A recruiter should ease the burden of conducting an executive search. It’s important to have clearly defined roles from the outset so you understand the responsibilities for your board. Before you sign the search agreement, ask the recruiter to identify what they will ask of your board members and the time commitment required. By setting expectations for a board’s involvement from the outset, the search is more likely to be completed successfully and on time.

A recruiter should ease the burden of conducting an executive search. It’s important to have clearly defined roles from the outset so you understand the responsibilities for your board.

Trust Your Recruiter

A key component to any successful relationship—trust—is no less true for your relationship with your recruiter. J. Alex Tarquinio, past president of the Society of Professional Journalists and the interim executive director during the vacancy for that position, noted that being open and transparent with their recruiter was crucial to their successful search.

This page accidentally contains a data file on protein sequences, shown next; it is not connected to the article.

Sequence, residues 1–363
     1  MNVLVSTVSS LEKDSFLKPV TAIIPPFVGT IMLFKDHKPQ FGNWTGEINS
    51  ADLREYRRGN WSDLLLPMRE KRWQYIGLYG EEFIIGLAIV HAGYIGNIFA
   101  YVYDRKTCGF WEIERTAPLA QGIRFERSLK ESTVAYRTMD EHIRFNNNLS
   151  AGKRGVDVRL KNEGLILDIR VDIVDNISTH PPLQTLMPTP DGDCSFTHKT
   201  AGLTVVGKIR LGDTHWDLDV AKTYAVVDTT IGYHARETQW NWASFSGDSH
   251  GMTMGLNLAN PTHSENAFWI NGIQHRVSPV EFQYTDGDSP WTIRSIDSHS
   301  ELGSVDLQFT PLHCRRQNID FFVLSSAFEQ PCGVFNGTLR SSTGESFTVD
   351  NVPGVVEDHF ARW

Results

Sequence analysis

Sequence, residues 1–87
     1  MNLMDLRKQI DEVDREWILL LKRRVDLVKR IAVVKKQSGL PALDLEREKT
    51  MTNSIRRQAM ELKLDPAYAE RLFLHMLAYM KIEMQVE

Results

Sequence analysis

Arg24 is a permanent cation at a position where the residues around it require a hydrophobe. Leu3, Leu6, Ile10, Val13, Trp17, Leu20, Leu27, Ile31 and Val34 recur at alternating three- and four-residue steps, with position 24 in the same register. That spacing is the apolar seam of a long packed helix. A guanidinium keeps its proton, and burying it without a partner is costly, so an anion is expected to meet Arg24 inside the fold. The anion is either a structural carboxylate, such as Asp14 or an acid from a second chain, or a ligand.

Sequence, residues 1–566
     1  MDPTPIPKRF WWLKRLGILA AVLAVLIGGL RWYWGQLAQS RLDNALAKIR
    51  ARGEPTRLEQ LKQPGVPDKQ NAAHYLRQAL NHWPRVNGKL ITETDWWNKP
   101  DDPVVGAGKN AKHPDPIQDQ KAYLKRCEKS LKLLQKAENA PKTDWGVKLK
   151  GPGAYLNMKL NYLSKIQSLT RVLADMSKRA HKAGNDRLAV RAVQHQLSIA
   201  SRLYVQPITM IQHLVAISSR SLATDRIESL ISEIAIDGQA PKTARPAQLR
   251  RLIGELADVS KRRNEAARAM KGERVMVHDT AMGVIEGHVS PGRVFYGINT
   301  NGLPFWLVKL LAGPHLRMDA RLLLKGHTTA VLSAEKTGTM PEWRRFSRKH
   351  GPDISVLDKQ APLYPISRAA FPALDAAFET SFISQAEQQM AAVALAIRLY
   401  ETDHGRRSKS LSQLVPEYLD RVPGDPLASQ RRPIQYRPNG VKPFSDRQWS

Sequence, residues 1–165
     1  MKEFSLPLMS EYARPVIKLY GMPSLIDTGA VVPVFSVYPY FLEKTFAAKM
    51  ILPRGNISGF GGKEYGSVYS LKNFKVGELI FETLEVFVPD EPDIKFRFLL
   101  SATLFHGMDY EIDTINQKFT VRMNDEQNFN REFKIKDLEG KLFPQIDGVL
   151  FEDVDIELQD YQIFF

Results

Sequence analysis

“To identify candidates who accurately matched SPJ’s needs, it was vital we provide our recruiter with all the information they requested about our organization, including our long-term strategic objectives, staffing challenges, stakeholder relationships, and more,” she said.

If your board isn’t prepared or willing to be open and honest about the state of the association and permit unfettered access to key stakeholders, you’re less likely to get the right candidate—even with the best recruiter.

In identifying candidates, your recruiter may recommend individuals your board would have never otherwise considered, like a non-industry professional.

“Too many boards are married to the idea that their chief executive must come from their association’s industry. There are many more qualified association executives outside of their industry’s network than within,” said David Westman, MBA, CPA, CAE, CEO of Westman & Associates Consulting, LLC, and executive director of the American Society of Colon and Rectal Surgeons.

If your board isn’t open-minded throughout the search, the number of qualified candidates for consideration will be limited, which may result in a less favorable search outcome. One way to help ease reservations is to ask prospective recruiters about their policy for how they will support your board in the event the selected candidate doesn’t work out. Many recruiters will offer a guarantee, frequently in the form of conducting a new search for no additional charge.

  • Talbott Team

Author: Heather Rolinski, Director, Organizational Effectiveness, Talbott Talent



Do your annual goals go by the wayside like abandoned New Years’ Resolutions? Does your team never seem to accomplish annual milestones even with the end-of-the-year sprints to get there? If so, it’s time to switch to 90-Day Goals.